Smith v. O’Neill, 2020 WL 369505 (N.Y. App. Div. 1st Dep’t, Jan. 23, 2020)

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Smith v. O’Neill, 2020 WL 369505 (N.Y. App. Div. 1st Dep’t, Jan. 23, 2020)

Smith v. O’Neill
NYPD Evidence Collection Team members may be entitled to Detective status and compensation. 

{5 minutes to read}  The New York City Police Department (“NYPD”) has a long history of attempting to use non-Detective police officers to perform Detective-level work in order to curtail costs. In one of our cases, Smith v. O’Neill,[1] a case currently pending in New York State Supreme Court, members of the NYPD’s Evidence Collection Team (“ECT”) challenge this practice and assert their statutory rights to recognition as Detectives (and the associated compensation) once they have performed Detective-level work for at least 18 months. If the ECT members prevail, they will be entitled to recognition as Detectives and the increased compensation and benefits corresponding to that rank.

Background of the Dispute: Prior to 1990, the NYPD frequently “designat[ed] police officers to perform detective duties for indefinite periods of time without designating them as detectives, with the accompanying salary and benefits.” [2] By doing so, the NYPD benefited from additional Detective level labor while paying those performing the work lower, non-Detective wages. This practice led to serious inequity and morale problems within the police force.

In 1990, following repeated calls for reform, the New York City Council enacted § 14-103(b)(2) of the New York City Administrative Code (the “Code”) to combat this “widespread abuse.” [3] The statute is intended to ensure that those officers who perform detective work are paid accordingly. Under the Code, NYPD police officers who “perform the duties of a detective” for more than 18 months are entitled to Detective status and the associated compensation and benefits.

After it was enacted, the NYPD immediately resisted the requirements of the Code, determining that certain police officers fell outside of its scope and denying them Detective status and compensation. NYPD’s actions were challenged in a lawsuit, Scotto v. Dinkins, where the NYPD argued that the Police Commissioner retained discretion to interpret which police duties fell within the confines of the Code. The New York State Court of Appeals rejected NYPD’s argument, holding that the statute was intended “to eliminate the very discretion which the Commissioner now seeks to reclaim.” [4] The Court explained that the proper inquiry for determining whether a police officer is entitled to Detective status is whether the officer has performed the duties of a detective, not whether the Commissioner has classified the officer’s position as being a Detective-track position.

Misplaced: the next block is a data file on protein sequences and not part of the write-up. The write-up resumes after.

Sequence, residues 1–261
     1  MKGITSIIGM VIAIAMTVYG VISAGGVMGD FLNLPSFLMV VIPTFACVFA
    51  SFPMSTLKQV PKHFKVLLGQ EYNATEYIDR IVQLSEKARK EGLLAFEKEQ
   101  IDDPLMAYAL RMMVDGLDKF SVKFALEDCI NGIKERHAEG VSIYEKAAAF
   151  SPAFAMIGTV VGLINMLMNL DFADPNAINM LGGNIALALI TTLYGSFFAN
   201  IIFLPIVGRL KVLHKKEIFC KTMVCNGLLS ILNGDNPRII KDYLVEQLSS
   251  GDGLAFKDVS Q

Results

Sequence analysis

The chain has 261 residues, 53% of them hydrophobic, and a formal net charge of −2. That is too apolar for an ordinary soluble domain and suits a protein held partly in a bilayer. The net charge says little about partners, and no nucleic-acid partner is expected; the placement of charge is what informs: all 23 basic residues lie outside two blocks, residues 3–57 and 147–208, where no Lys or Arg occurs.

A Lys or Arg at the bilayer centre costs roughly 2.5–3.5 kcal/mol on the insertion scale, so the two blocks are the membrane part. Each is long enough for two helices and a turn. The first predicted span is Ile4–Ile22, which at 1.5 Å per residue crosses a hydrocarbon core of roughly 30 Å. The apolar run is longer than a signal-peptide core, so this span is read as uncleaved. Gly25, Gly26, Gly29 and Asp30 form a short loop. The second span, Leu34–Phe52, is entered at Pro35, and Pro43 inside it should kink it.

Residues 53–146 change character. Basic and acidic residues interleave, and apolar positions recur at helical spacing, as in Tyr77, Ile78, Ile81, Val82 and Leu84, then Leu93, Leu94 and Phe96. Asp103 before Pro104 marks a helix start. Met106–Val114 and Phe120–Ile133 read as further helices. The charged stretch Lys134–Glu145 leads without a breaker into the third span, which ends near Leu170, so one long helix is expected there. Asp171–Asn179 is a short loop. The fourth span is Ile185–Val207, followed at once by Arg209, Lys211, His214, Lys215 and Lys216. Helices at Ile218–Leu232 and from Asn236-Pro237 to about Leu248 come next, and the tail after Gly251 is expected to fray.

Following Dinkins, the NYPD attempted to circumvent the Code’s requirements by asking police officers to sign waivers foregoing the Detective level pay required by the Code. When this practice was challenged in the matter of Scotto v. Giuliani, the Court invalidated NYPD’s waiver program, noting that the waivers were unlikely to be truly voluntary and that they undermined the purpose of the Code.[5]I

In a lawsuit brought in 2006, Brown v Kerik, ECT members claimed that they were entitled to Detective status and pay because they performed duties equivalent to those of the Crime Scene Unit (“CSU”) Detectives. The Court disagreed, finding that CSU members’ duties differed in 4 important ways: CSU detectives received more training, used more sophisticated equipment, investigated more serious crimes, and coordinated more extensively with the DA’s office to prosecute crimes.[6]

Since Kerik was decided, the duties of ECT members have changed, and the NYPD indicated that it was willing to recognize them as Detectives. When the NYPD failed to follow through, ECT members filed a union grievance, and the NYPD refused to grant them Detective status. 

The ECT members filed a new lawsuit in response, alleging that they should be recognized as Detectives under the Code once they have performed their duties for more than 18 months because they now receive more extensive training, use more sophisticated equipment, investigate the most serious of crimes, and work directly with the DA’s office. In short, the ECT members argue that the Kerik court’s rationale for denying them Detective status and pay no longer applies. 

In response, the NYPD contends that the ECT members’ duties have remained essentially unchanged since the Kerik case. To resolve this factual dispute, the court will conduct a hearing to determine what duties are performed by ECT members and whether those duties are comparable to those performed by other NYPD detectives.

If you are an NYPD officer and have been performing work comparable to that of Detectives for more than 18 months, and believe that you are entitled to Detective status and compensation, you may wish to consult with the attorneys at Valli Kane & Vagnini LLP to determine your rights.

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[1] Smith v. O’Neill, 2020 WL 369505 (N.Y. App. Div. 1st Dep’t, Jan. 23, 2020). 

[2] See Matter of Scotto v. Dinkins, 194 A.D.2d 415, 416 (1st Dep’t 1993).

[3] Id.

[4] Matter of Scotto v. Dinkins, 85 N.Y.2d 209, 212-13 (1995).

[5] Scotto v. Giuliani, 243 A.D.2d 388, 389 (1st Dep’t 1997). 

[6] See Matter of Brown v. Kerik, 29 A.D.3d 478 (1st Dep’t 2006).

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James A. Vagnini
Partner
email: jvagnini@vkvlawyers.com
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